Enjoying a hike in the Swiss Alps. Lauterbrunnen to Mannlichen via Wengen.
Enjoying a hike in the Swiss Alps. Lauterbrunnen to Mannlichen via Wengen

My research group combines numerical modeling (deterministic, stochastic) and/or analytic solutions with small and large-scale measurement (direct and indirect observations), and inverse modeling (parameter estimation, data assimilation, model averaging, etc.) to improve theory, understanding and predictability of complex Earth systems. We engage in all aspects of the iterative research cycle (see figure below) and regularly develop new numerical, computational, statistical, and optimization approaches to reconcile complex system models with observations for the purpose of learning and scientific discovery and, thereby, enhancing the growth of environmental knowledge. We use distributed computing to permit inference of CPU-intensive forward models.

Our papers appear in a wide variety of different scientific journals, and describe methodological advances, and their application to problem solving in (alphabetic order) agriculture, avian biology, ecohydrology, ecology, fluid mechanics, geomorphology, groundwater, hydrogeophysics, hydrogeology, geophysics, geostatistics, surface hydrology, soil physics, vadose zone hydrology, and water resources.

Our current methodological work focuses on, (i) a new paradigm of process-based model evaluation (to help diagnose which components of the model are malfunctioning), (ii) likelihood-free inference (use of summary metrics in geophysics as a powerful and “objective” alternative to the rather “subjective” deterministic penalized least-squares inversions), (iii) Bayesian model selection (inference of marginal likelihood through multi-dimensional integration of the posterior distribution), (iv) emulation of CPU-intensive models (to permit inference of computationally demanding models), and (v) monitoring network design (real-time measurement selection to help discriminate among conceptual models).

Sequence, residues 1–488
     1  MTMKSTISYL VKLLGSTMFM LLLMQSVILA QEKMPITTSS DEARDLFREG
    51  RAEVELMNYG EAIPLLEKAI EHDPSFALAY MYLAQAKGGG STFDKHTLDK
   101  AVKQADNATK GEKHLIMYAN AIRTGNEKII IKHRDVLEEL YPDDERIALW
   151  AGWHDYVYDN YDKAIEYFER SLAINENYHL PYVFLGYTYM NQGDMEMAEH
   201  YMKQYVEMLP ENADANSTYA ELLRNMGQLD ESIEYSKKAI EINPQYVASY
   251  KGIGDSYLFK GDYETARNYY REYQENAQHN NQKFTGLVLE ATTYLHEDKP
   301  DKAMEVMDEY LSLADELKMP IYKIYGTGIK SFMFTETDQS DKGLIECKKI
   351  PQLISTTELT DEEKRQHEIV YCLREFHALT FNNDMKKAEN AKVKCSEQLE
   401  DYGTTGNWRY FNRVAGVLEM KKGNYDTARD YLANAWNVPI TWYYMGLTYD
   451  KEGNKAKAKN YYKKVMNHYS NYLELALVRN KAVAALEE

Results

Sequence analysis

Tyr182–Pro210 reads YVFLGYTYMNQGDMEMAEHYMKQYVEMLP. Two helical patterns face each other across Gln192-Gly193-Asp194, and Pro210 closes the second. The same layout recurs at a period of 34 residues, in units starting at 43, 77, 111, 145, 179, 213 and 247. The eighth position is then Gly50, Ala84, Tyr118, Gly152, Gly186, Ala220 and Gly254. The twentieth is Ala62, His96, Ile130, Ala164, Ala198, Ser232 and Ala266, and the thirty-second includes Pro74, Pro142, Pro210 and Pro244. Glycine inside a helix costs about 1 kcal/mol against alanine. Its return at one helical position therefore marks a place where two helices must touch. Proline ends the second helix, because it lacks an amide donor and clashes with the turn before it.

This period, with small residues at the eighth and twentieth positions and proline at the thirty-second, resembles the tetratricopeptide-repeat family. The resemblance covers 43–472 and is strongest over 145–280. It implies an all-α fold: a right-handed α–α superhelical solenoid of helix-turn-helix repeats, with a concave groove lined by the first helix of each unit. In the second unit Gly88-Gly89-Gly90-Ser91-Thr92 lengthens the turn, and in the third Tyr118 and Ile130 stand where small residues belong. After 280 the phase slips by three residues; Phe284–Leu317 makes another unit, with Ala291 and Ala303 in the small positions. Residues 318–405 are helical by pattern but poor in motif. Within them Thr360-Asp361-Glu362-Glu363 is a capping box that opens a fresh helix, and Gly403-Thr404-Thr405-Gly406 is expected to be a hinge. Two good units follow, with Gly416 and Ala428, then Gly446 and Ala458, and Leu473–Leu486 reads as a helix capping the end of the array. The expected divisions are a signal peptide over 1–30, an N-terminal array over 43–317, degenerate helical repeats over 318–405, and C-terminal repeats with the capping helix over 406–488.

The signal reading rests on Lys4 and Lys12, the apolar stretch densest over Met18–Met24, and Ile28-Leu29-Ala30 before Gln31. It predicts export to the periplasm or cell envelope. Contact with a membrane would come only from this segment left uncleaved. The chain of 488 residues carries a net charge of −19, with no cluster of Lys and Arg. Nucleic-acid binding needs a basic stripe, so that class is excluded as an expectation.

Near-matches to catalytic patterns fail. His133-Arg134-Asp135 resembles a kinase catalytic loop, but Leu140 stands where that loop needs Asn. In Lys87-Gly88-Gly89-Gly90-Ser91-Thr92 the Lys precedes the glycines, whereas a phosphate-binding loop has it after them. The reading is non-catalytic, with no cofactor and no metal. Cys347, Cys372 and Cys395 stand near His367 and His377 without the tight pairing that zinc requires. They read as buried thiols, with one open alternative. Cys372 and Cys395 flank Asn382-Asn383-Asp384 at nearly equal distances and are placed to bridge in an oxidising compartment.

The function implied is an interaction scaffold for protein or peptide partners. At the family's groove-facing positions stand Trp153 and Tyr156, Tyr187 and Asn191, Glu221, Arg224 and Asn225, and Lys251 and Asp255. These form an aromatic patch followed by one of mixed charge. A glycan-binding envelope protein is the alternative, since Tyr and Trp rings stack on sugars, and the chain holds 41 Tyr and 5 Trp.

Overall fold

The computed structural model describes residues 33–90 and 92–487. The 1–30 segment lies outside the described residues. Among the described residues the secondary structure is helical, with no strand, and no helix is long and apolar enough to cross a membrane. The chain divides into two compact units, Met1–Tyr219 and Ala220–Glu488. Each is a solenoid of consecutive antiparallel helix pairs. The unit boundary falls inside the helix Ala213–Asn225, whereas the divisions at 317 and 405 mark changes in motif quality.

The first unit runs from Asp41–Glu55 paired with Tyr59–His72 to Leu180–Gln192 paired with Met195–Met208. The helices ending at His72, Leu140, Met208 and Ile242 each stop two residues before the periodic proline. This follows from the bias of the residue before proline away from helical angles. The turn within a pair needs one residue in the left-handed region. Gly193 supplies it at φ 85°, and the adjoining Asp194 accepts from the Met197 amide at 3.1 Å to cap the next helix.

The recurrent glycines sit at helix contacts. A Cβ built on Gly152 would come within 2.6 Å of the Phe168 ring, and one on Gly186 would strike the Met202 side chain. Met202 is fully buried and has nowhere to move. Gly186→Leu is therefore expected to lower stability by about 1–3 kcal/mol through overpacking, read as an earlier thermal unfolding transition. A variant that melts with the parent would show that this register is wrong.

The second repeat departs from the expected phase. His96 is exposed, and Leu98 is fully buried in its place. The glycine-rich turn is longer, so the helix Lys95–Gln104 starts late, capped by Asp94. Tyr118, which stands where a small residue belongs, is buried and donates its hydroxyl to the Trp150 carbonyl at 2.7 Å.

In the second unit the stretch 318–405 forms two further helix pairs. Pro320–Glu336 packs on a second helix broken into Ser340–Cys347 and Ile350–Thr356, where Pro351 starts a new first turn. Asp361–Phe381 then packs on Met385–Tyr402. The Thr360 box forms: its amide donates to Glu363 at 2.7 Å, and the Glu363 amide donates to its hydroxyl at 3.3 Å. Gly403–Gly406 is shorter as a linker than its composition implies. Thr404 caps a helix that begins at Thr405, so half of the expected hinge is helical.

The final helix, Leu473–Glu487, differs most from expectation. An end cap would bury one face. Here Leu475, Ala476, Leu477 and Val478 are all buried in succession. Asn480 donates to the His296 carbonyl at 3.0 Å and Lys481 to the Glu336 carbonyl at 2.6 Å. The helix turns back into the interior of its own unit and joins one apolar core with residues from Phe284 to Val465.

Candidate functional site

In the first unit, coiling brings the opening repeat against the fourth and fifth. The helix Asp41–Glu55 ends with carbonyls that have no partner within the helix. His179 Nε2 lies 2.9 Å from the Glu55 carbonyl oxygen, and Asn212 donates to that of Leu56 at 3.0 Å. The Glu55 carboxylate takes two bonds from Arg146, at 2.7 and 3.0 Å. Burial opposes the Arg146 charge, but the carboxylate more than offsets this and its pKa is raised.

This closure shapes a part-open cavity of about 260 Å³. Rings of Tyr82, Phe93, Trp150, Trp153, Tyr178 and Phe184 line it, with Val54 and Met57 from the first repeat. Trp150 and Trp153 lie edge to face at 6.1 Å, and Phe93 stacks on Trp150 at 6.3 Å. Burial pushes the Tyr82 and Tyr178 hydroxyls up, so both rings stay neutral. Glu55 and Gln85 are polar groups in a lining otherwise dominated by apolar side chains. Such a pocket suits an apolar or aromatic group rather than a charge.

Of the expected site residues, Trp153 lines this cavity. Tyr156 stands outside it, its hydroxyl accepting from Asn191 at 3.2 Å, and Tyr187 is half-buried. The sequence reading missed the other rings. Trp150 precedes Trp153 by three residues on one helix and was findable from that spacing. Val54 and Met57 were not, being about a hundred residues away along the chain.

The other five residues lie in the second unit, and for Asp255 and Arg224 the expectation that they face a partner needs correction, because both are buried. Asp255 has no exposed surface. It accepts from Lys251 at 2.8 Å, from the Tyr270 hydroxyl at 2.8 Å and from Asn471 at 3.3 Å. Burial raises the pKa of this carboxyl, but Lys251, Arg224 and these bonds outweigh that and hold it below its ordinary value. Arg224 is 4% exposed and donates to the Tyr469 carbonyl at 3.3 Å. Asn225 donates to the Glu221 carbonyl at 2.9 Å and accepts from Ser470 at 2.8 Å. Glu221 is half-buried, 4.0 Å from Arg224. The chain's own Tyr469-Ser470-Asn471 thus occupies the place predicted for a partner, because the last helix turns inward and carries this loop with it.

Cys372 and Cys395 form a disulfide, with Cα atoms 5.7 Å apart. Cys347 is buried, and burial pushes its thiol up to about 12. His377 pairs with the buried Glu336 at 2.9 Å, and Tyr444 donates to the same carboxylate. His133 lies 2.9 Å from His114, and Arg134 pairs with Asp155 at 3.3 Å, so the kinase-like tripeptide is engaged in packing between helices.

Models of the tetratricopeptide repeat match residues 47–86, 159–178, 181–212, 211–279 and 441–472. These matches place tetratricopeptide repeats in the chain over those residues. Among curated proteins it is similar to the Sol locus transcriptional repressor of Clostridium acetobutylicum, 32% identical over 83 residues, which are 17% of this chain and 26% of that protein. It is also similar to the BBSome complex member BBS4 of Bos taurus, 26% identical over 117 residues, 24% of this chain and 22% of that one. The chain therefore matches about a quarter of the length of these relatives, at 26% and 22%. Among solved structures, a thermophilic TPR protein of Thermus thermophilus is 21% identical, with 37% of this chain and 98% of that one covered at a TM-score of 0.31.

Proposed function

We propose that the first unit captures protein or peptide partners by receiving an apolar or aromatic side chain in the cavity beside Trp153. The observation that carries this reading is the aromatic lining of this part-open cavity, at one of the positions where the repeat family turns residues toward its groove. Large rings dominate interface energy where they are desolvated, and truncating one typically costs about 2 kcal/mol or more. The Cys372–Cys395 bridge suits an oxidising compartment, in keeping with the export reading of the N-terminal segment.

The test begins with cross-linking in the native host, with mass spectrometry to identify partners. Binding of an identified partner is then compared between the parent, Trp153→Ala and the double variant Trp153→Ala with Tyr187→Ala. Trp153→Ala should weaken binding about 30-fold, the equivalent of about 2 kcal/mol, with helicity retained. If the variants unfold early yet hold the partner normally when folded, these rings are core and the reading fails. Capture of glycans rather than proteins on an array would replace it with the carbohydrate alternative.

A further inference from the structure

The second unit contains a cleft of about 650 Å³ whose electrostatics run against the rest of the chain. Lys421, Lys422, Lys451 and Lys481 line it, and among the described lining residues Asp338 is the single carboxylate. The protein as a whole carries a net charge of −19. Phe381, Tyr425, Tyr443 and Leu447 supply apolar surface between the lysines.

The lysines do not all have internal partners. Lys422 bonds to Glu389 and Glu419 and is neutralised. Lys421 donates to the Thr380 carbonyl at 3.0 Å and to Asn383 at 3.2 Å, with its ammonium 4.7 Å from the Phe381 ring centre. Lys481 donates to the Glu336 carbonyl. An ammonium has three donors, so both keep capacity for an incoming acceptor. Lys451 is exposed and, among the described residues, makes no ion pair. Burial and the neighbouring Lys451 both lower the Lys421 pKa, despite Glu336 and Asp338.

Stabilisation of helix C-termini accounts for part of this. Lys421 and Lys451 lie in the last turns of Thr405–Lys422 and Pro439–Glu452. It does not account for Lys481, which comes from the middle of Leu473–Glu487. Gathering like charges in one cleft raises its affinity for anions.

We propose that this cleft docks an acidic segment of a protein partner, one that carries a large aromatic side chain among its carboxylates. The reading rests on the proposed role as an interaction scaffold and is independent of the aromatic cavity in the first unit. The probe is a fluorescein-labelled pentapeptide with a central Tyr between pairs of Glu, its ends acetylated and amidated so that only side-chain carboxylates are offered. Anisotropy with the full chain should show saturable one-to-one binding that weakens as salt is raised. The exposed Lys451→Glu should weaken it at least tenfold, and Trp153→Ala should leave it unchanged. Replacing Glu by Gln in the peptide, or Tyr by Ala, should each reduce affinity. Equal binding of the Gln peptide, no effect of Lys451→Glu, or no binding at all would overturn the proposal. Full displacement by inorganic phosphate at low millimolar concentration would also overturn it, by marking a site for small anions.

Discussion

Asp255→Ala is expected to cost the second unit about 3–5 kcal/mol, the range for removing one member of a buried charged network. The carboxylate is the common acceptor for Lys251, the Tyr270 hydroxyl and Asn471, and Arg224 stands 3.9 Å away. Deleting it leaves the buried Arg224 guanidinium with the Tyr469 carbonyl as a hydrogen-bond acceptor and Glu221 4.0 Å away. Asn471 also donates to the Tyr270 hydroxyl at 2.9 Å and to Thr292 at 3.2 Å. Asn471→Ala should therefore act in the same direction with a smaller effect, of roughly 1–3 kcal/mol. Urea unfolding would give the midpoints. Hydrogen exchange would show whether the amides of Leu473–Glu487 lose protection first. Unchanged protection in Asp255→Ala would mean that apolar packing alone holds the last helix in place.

More application oriented work includes (amongst others), (a) investigation of the environmental controls of photosynthetic capacity (ecology), (b) global-scale hydrologic modeling (hydrology), (c) uncertainty quantification of GEOS-5- L-Band radiative transfer parameters (remote sensing), (d) joint inference of multi-Gaussian permeability fields and their geostatistical properties (hydrogeology), (e) the biogeography and composition (particulate ratios) of marine plankton (ecology), (f) two- and three-dimensional subsurface characterization (geophysics), (g) scaling and prediction of soil hydraulic parameters (soil physics), and (h) geomorphological modeling of soil depths (geomorphology / sediment transport). Publications on these different topics are forthcoming.

We share freely all our work with others, and provide short-courses for those interested in numerical modeling and model-data analysis.